Also, as Brian Krebs points out in his August article, a number of other sites (including government agencies and banks) make use of the same “out of wallet” information to verify identities that the IRS’s transcript site did. That includes, interestingly enough, the IRS’s own IP-PIN recovery site where victims of ID theft who lose their IP-PIN can recover it online. Again, while that is convenient, it is also less secure than having taxpayers go through the more time consuming steps of having a new IP-PIN issued via paper means. Hopefully, now that the matter has been surfaced, the IRS will plug this hole before ID theft victims become victimized a second time as a party steals their IP-PIN.
Some other major sites that make use of this “out of wallet” technique include government sites like that of the Social Security Administration and the annualcreditreport.com site where people can obtain their free credit report once a year. Again, this makes it convenient to set up the account (since you can do it from the comfort of your home at any time) but far less secure (since it can be done from anywhere by someone who has access to enough information).
As well, many sites will make use of similar types of information if a user claims to have forgotten his/her password. Resetting a password allows the person accessing the account to both gain access to whatever is available via that login and lock the legitimate user out of the account.
Steps Individuals Should Take to Protect Themselves
This issue is not unique and it’s not limited to tax related information or the IRS. And, as the ability to infiltrate the IRS site shows, the criminals are figuring out how to work around techniques that are “easy” for people to understand and/or convenient (so I can get my information now). Whether we like it or not, individuals need to take more responsibility for protecting themselves.
Advisers may want to educate clients on the use of “two-factor” authentication for sites that offer the option. In such cases the site normally requires, in addition to the username and password, that the user give the site a unique one time code that is sent to the user as an SMS or generated by an application (like Google Authenticator) that runs on the user’s phone. Use of second factor authentication greatly complicates any attempt by a criminal to make use of username/password combinations.
Adviser also should strongly caution clients about the risks of “reusing” passwords on multiple sites. While there may be little concern about a third party gaining access to a client’s account on a blog devoted to rugby, if that same username password combination is also used to access the client’s bank’s site, a criminal who gains access to the rugby site’s list of usernames and passwords can make use of that to access the bank account. And, quite often, there simply won’t be strong protections for the password database on sites like the rugby blog, often because the blog is simply a site being run by a rugby (or needlepoint, etc.) enthusiast in his/her spare time.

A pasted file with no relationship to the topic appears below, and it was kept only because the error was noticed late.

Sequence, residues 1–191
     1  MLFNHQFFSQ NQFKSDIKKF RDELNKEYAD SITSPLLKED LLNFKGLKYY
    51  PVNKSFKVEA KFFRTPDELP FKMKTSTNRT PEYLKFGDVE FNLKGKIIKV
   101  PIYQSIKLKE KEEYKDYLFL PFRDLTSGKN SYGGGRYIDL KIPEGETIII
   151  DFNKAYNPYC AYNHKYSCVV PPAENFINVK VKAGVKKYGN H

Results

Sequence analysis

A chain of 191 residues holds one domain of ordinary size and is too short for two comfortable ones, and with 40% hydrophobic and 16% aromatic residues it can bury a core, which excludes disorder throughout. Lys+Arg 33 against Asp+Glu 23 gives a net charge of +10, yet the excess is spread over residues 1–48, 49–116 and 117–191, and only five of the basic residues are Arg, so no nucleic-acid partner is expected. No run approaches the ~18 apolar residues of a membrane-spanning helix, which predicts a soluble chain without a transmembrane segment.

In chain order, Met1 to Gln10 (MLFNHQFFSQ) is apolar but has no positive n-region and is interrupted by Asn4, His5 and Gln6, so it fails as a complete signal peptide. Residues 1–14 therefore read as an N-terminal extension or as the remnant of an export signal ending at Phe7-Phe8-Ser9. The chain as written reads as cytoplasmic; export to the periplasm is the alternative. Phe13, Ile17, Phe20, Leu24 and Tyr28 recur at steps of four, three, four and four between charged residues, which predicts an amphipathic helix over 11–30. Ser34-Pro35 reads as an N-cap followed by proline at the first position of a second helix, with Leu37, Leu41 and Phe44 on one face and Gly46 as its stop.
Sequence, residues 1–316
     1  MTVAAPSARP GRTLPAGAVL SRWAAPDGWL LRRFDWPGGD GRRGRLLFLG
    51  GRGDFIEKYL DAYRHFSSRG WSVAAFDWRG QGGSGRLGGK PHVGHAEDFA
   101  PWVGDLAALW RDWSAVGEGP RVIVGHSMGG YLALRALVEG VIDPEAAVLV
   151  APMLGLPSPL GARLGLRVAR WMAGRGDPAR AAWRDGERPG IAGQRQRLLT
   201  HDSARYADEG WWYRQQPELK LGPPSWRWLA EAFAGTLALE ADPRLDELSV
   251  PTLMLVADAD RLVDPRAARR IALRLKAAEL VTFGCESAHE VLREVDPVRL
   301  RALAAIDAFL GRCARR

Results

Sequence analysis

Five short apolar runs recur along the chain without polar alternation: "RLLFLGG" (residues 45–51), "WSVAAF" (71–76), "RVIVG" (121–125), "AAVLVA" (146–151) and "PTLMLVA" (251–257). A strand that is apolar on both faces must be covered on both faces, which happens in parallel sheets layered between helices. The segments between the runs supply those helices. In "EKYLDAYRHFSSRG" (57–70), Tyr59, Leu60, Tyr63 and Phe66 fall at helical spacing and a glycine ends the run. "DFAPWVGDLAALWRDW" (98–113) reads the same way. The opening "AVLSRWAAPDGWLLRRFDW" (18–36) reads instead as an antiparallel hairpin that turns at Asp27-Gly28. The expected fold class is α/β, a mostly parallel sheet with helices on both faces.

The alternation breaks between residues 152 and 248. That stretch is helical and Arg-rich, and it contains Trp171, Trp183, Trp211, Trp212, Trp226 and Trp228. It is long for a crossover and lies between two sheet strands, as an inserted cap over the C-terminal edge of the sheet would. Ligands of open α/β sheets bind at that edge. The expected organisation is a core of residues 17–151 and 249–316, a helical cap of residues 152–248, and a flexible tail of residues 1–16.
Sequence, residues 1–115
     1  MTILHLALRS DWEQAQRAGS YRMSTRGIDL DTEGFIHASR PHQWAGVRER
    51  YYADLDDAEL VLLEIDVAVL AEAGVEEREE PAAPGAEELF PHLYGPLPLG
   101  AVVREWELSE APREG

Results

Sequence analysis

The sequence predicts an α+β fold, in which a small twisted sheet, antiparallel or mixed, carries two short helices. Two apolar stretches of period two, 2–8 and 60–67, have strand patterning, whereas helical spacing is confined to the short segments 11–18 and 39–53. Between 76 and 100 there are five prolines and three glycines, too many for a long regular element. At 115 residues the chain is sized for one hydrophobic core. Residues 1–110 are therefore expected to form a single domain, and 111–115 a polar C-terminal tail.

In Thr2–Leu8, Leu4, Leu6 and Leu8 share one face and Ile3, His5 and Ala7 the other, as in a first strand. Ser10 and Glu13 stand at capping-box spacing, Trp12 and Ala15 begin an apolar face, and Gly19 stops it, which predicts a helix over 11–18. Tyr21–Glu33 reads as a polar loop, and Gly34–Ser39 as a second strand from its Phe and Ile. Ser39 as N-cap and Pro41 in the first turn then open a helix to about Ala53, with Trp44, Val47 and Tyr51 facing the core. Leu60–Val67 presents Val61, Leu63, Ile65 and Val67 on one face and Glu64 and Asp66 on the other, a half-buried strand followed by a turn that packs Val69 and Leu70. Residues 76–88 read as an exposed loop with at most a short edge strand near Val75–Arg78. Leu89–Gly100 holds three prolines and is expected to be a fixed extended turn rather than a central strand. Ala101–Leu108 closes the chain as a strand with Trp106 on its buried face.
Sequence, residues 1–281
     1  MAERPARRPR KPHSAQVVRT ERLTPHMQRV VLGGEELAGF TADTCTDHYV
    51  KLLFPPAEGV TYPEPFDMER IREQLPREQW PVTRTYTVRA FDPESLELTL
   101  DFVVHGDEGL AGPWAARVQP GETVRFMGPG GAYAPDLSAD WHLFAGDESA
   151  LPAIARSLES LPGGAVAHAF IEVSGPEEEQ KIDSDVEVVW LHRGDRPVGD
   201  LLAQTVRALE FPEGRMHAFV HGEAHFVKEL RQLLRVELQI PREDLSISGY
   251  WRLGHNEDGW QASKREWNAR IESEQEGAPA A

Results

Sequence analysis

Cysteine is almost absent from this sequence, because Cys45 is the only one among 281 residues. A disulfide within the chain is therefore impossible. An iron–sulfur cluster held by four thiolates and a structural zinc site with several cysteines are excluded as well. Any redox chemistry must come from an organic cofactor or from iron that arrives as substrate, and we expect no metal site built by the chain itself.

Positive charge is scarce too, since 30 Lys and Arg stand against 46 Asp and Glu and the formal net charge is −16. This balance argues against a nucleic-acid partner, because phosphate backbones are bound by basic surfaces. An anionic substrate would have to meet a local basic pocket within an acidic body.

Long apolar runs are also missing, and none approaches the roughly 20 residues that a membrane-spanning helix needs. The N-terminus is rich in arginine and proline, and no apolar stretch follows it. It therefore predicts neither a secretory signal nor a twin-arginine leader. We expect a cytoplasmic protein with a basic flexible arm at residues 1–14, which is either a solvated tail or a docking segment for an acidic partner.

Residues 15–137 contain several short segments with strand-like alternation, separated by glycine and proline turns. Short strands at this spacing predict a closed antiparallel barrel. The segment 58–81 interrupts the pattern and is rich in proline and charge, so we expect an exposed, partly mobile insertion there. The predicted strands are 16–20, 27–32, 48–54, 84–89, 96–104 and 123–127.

In particular advisers who maintain portals that allow clients to access information (like tax returns) should be sure to advise clients to not use a password for your firm’s site that is used anywhere else. Because, unfortunately, if the client’s data is accessed by a third party making use of the password from the rugby site the news story will be, like the one for the IRS, that clients of your firm had data accessed by unauthorized third parties.
Similarly, clients should also be aware of the risks of using “poor” or short passwords that can be either easily guessed (password is a bad password—and simply changing the letter o to a zero doesn’t really improve things). So long as the password is not one that is likely to be found by a targeted attack (using dictionary words or well known structures like a social security number where an attacker would know to try all number combinations from 00000000 to 999999999) the length of a password is the most important determinant of how well it will withstand an attack where the attacker is limited to pure guessing.
A good site for seeing how the length of a password impacts the difficulty for someone to guess it can be found at Steve Gibson's haystack password site at http://www.grc.com/haystack. Note the impact of adding just one more letter or putting in a single "different" type of character on the difficulty of someone being able to guess the password.